17: public class DateFormatter : IFieldFormatter
  18: {
  19:     public string Write(object data)
  20:     {
  21:         CultureInfo current = CultureInfo.CurrentCulture;
  23:         if (!ReferenceEquals(data, null))
  24:         {
  25:             DateTime value = DateTime.Parse(data.ToString());
  26:             return value.ToString("d", current);
  27:         }
  29:         return string.Empty;
  30:     }
  31: }
  33: public class NullFormatter : IFieldFormatter
  34: {
  35:     public string Write(object data)
  36:     {
  37:         if (ReferenceEquals(data, null))
  38:         {
  39:             return string.Empty;
  40:         }
  41:         return data.ToString();
  42:     }
  43: }

And now here is the updated BuildReport method:

   1: public void BuildReport()
   2: {
   3:     foreach (ReportField field in Report.Fields)
   4:     {
   5:         IFieldFormatter formatter;
   7:         switch (field.FieldType)
   8:         {
   9:             case "Date":
  10:                 formatter = new DateFormatter();
  11:                 break;
  12:             case "Currency":
  13:                 formatter = new CurrencyFormatter();
  14:                 break;
  15:             default:
  16:                 formatter = new NullFormatter();
  17:                 break;
  18:         }
  20:         Report.Write(formatter.Write(field.Data));
  21:     }
  22: }

This gets us closer to keeping in line with SRP and OCP.

The next step is to refactor that switch statement. In this case, I am going to move it into a new factory class:

   1: public interface IReportFieldFormatterFactory
   2: {
   3:     IFieldFormatter CreateFormatter(string fieldType);
   4: }
   6: public class ReportFieldFormatterFactory 
   7:     : IReportFieldFormatterFactory
   8: {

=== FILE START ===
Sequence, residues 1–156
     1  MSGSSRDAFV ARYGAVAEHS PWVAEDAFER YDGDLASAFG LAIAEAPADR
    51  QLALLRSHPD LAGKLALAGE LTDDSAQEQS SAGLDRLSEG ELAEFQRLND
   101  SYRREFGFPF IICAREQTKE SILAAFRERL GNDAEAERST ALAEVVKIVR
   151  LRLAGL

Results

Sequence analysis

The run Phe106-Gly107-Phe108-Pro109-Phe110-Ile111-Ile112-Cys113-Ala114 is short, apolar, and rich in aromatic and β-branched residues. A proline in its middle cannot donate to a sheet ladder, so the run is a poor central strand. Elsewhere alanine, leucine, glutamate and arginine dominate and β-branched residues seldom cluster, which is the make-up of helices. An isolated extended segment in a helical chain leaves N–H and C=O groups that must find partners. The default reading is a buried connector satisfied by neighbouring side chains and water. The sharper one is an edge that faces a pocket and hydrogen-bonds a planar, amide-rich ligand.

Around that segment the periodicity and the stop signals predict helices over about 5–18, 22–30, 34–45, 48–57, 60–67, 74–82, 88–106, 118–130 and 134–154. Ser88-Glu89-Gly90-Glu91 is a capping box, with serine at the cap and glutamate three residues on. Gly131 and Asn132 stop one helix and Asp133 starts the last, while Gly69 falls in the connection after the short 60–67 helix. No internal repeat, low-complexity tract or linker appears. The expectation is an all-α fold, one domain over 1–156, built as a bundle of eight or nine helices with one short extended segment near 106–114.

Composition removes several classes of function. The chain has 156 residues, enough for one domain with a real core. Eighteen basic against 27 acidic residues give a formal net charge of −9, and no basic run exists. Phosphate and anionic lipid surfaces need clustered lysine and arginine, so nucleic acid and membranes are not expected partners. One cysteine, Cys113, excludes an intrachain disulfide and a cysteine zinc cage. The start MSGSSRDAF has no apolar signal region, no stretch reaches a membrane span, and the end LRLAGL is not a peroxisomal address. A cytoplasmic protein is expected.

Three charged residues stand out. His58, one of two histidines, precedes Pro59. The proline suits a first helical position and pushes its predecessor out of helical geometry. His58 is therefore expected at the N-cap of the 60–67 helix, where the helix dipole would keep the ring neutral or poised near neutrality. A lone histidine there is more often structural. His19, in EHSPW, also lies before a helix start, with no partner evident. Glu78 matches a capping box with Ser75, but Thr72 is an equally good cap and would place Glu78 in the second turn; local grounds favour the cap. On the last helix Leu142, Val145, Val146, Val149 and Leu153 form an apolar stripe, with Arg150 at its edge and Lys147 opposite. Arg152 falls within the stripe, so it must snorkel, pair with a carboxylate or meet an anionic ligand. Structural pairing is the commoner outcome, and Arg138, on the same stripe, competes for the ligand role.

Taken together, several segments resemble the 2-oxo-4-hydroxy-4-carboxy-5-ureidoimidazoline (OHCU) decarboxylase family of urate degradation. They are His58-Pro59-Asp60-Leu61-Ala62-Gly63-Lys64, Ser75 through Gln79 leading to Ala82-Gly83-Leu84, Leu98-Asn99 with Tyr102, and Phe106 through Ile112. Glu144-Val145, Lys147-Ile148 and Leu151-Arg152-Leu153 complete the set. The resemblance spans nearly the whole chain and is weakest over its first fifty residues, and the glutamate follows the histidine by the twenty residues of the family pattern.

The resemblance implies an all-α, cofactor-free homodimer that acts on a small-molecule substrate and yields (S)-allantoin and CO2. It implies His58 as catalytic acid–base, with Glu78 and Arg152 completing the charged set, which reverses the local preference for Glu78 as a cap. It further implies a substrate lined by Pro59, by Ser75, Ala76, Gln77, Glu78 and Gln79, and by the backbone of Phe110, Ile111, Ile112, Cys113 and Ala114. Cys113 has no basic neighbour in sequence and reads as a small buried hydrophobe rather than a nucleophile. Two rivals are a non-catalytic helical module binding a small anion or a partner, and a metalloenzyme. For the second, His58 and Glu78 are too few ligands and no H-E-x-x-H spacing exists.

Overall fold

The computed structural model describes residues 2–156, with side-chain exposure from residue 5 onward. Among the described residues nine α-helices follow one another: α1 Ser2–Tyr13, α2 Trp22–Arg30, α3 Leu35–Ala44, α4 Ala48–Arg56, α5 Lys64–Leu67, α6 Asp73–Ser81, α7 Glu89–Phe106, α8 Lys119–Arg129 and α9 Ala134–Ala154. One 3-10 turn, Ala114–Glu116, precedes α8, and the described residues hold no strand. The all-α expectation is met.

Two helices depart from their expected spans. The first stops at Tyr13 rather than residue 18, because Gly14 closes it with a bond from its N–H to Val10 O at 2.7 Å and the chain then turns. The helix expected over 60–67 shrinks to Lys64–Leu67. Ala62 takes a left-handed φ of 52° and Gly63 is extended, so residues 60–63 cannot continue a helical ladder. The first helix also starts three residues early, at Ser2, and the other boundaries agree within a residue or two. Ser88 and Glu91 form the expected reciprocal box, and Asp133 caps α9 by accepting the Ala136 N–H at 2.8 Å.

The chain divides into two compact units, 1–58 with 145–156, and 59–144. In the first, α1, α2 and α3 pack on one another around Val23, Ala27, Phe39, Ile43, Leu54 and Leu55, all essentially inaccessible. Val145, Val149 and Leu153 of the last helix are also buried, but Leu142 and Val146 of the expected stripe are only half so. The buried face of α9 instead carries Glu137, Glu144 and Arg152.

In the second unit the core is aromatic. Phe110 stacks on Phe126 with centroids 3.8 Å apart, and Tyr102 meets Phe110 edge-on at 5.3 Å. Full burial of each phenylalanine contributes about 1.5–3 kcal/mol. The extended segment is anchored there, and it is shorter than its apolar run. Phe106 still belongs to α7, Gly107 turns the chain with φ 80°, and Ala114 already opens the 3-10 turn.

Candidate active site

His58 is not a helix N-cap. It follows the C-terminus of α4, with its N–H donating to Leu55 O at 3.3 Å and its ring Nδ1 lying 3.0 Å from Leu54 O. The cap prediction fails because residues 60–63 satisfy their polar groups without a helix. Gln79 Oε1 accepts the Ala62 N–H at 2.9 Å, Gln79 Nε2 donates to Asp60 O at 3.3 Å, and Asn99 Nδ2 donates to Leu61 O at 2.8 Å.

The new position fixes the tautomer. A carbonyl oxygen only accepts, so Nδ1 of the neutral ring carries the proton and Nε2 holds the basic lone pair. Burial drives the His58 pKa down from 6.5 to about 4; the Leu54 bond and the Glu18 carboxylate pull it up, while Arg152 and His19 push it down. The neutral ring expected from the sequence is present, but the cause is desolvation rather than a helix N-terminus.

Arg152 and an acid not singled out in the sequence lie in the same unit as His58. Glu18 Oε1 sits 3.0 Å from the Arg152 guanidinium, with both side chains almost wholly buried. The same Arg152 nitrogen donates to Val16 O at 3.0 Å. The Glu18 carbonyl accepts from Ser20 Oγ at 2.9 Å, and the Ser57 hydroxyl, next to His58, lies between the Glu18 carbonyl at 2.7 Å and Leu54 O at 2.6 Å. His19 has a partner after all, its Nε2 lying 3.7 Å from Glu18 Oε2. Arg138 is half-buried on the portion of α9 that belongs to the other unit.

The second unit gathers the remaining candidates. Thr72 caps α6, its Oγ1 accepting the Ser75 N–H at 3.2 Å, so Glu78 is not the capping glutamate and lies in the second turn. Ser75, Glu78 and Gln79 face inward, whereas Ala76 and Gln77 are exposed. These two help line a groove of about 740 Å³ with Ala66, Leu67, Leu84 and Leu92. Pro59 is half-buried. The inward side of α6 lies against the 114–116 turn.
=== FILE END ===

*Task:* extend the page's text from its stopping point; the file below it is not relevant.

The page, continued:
9:     public IFieldFormatter CreateFormatter
  10:         (string fieldType)
  11:     {
  12:         switch (field.FieldType)
  13:         {
  14:             case "Date":
  15:                 formatter = new DateFormatter();
  16:                 break;
  17:             case "Currency":
  18:                 formatter = new CurrencyFormatter();
  19:                 break;
  20:             default:
  21:                 formatter = new NullFormatter();
  22:                 break;
  23:         }
  24:     }
  25: }

You may be thinking that all I have really done is move the creation logic from one class to another, and technically you would be correct, but let us look a little deeper. Now our ReportBuilder can do just that, build reports without having to worry about low level details. We also have a class whose sole responsibility is to create formatters. This eliminates the need to update ReportBuilder every time we need to add a new formatter type.

Next, let’s update our ReportBuilder to accept an IReportFieldFormatterFactory parameter and update our BuildReport method:

   1: public class ReportBuilder
   2: {
   3:     private IReportFieldFormatterFactory 
   4:         fieldFormatterFactory;